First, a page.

A bookshop offers her shelter and there she meets Wolf the dog and Alex the bookshop owner. Offering to stay for a month for room and board in exchange for helping out in the shop, designing a website and generally avoiding the mess of her London life, Daisy stays put. And has a wonderful, happy month. And even comes up with a way to save the bookshop for closing. She’s basically awesome. And her stupid boyfriend who belittles her belongs in the bin.

Luckily she realises that she doesn’t want her old life when she can make herself a new, happier one with new friends and perhaps a new love in Upper Finlay. Thank goodness. Honestly if she’d gone back to stupid Phil I’d have been cross. Daisy feels like someone I’d want to be friends with, a fellow bookworm and a fun person. More Daisy please!

*I was kindly gifted a copy of this book in exchange for taking part in the blog tour but all opinions remain my own.

blog tour, books, reviews

Blog Tour: My (extra) Ordinary Life – Rebecca Ryan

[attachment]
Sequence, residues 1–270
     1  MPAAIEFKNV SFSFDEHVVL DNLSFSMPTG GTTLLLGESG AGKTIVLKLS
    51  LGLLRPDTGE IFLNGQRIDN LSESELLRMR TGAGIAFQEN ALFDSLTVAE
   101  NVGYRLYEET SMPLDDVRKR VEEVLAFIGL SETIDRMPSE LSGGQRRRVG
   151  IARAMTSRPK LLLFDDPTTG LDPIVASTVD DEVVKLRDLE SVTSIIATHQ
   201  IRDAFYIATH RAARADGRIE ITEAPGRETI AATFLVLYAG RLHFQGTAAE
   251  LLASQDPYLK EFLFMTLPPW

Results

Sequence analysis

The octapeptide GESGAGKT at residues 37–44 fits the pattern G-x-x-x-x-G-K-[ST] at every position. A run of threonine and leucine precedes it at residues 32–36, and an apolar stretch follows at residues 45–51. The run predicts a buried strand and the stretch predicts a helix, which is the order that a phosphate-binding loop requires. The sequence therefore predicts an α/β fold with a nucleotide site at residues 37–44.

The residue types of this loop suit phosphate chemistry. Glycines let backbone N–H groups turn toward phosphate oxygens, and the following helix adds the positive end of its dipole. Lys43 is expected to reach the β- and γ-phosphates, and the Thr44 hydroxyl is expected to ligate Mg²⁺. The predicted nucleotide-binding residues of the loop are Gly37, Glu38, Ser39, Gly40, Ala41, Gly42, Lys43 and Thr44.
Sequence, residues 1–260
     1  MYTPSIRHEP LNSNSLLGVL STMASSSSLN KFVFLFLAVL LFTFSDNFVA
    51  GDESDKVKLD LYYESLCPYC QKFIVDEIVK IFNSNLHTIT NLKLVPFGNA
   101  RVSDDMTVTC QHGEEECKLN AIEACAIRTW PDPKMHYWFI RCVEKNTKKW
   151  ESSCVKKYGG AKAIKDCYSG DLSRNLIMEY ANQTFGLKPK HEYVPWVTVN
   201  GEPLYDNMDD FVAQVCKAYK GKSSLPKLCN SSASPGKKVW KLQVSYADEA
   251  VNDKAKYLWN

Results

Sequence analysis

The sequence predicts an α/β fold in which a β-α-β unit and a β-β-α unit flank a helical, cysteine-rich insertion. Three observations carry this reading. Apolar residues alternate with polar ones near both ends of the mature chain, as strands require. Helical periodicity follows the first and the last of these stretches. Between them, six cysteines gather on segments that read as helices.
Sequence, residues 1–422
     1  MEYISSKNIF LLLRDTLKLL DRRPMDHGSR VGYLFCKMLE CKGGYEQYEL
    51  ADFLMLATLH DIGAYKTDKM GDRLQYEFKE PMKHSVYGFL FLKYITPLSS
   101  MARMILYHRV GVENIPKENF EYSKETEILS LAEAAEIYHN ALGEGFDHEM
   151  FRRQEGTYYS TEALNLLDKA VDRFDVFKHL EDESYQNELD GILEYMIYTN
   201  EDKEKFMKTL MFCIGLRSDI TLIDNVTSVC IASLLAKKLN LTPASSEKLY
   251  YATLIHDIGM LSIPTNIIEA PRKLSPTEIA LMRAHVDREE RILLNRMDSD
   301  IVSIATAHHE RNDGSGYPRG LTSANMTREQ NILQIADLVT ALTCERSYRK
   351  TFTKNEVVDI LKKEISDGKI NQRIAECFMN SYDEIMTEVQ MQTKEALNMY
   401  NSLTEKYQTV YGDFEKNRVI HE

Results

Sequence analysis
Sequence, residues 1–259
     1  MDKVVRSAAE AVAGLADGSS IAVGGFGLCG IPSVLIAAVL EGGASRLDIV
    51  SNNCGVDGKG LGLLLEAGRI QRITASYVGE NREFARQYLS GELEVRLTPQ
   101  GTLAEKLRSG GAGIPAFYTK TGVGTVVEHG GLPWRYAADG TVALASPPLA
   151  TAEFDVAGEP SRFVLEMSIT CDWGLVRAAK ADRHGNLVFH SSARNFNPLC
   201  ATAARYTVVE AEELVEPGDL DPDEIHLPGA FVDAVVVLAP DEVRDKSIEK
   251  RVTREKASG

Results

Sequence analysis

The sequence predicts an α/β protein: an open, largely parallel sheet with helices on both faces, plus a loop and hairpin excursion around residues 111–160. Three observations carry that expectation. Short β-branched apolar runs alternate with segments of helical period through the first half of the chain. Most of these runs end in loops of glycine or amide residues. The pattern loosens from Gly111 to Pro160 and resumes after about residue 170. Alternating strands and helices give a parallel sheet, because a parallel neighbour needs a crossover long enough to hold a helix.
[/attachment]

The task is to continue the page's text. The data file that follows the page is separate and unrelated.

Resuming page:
Have you ever wondered how normal you are? 
What if you were perfectly average? 
More than anyone else. 

For Emily – it’s true. When she watches a documentary on the average human she sees her life. Her job, her hair, her favourite food. All of her – plainly, horrifically average. Even her blood group. Right there and then, she decides she wants more

She’ll travel the world (i.e. venture out of her hometown)

She’ll become a vegan (it’s interesting to hate cheese, right?) 

She’ll do something daring (As long as it’s safety tested) 

Nothing will stand in the way of Emily living her best life. Not even Josh and his dimples. Because she absolutely can’t fall in love… that would be too ordinary. 

And from now on, Emily is going to be extraordinary. 

My thoughts: Emily is stuck in a rut, and grieving a terrible loss she won’t discuss, even with best friend Kaz. She thinks she’s too ordinary, and now she’s planning on shaking things up and becoming extraordinary.

I’ve been there, Emily is very relatable, I’m sure we’ve all had days, weeks, months, years, where we struggle to work out who we are and what we want from life.

Not all of us are dealing with the kind of loss Emily is, but the rest of her misadventures, from somehow surviving a Tough Mudder (I’d be dead about 2 minutes in) to not falling in love because that’s so ordinary, she’s going to become something better, something extraordinary. Or maybe discover she’s been that all along.

*I was kindly gifted a copy of this book in exchange for taking part in the blog tour but all opinions remain my own.